But there are also intriguing signs of everyday dynamics that help or hinder the spread of behaviors (in other words, don’t blame it all on the brain):
The Framingham findings also suggest that different contagious behaviors spread in different ways. For example, co-workers did not seem to transmit happiness to one another, while personal friends did. But co-workers did transmit smoking habits; if a person at a small firm stopped smoking, his or her colleagues had a 34 percent better chance of quitting themselves. The difference is based in the nature of workplace relationships, Fowler contends. Smokers at work tend to cluster together outside the building; if one of them stops smoking, it reduces the conviviality of the experience. (If you’re the last smoker outside on a freezing afternoon, your behavior can seem completely ridiculous even to yourself.) But when it comes to happiness, Fowler said, “people are both cooperative and competitive at work. So when one person gets a raise, it might make him happy, but it’ll make other people jealous.”
Other explanations include homophily, or like people gravitating towards each other, and shared environment, for example, a McDonalds opening which people then visit. Jason Fletcher, for example, has shown that using the social contagion methodological approach, one can show that very implausible things appear contagious according to the Christakis/Fowler analysis – such as tallness (hmm, maybe they play basketball together?).
A more significant limitation is that the Framingham data is good on family but not so much on friends – respondents were required to only list one significant friend over time. Thus, what might appear as contagion could be due to missing data.
With drug use, it is clear that when adolescents take drugs, two effects happen: they start to proactively seek out friends who also use drugs (largely because they approve of their behavior) and those friends can reinforce the initial behavior itself (often leading to a rise in substance use). In other words, our social networks have reciprocal effects, us on out, and others on in.
Christakis and Folwer demonstrate that the directionality of these reciprocal effects matter. If I consider you a good friend, but you don’t consider me a good friend, your behavior is more likely to influence me than vice versa. “According to their data, if Steven becomes obese, it has no effect on Peter at all, because he doesn’t think of Steven as a close friend. In contrast, if Peter gains weight, then Steven’s risk of obesity rises by almost 100 percent. And if the two men regard each other as mutual friends, the effect is huge — either one gaining weight almost triples the other’s risk.”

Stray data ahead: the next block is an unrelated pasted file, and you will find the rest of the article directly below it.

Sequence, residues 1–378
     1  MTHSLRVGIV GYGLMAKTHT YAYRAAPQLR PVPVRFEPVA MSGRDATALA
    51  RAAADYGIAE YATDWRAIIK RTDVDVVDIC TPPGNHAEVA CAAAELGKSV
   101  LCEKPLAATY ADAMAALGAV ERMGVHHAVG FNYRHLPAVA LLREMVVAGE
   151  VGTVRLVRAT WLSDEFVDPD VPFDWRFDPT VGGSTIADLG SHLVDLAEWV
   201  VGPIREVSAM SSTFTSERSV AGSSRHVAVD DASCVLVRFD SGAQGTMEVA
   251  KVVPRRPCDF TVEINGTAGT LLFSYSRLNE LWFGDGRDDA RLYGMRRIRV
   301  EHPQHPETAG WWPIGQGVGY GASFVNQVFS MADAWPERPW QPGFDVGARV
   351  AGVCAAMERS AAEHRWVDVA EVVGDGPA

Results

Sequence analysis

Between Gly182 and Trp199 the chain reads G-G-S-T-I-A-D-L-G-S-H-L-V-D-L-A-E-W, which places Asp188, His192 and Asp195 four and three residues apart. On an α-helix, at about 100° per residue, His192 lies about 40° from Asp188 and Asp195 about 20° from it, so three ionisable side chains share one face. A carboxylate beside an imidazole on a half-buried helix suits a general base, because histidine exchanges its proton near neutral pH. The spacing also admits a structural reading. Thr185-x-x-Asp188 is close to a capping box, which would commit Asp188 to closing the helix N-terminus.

The article then goes into some very interesting public health considerations, with a focus on smoking and obesity. But I’ll leave you to read those yourself, and end with a more basic piece of advice. The Christakis/Fowler research suggests an addition to an old motto. Don’t worry, be happy… by getting connected.
Their findings show that the gamble of increased sociability pays off, for a surprising reason: Happiness is more contagious than unhappiness. According to their statistical analysis, each additional happy friend boosts your good cheer by 9 percent, while each additional unhappy friend drags you down by only 7 percent.
Christakis and Fowler have a book coming out later this month, Connected: The Surprising Power of Our Social Networks and How They Shape Our Lives. It comes complete with a fancy website, Connected the Book, complete with a 3 minute view, discussion boards, reviews, and more.
Here’s their 2007 New England Journal of Medicine article, The Spread of Obesity in a Large Social Network over 32 Years.
You can also read an in-press article written with John Cacioppo, entitled Alone in the Crowd: The Structure and Spread of Loneliness in a Large Social Network (pdf), if you want to get more at the science side.
And here’s the NY Times Clive Thompson article, Is Happiness Catching?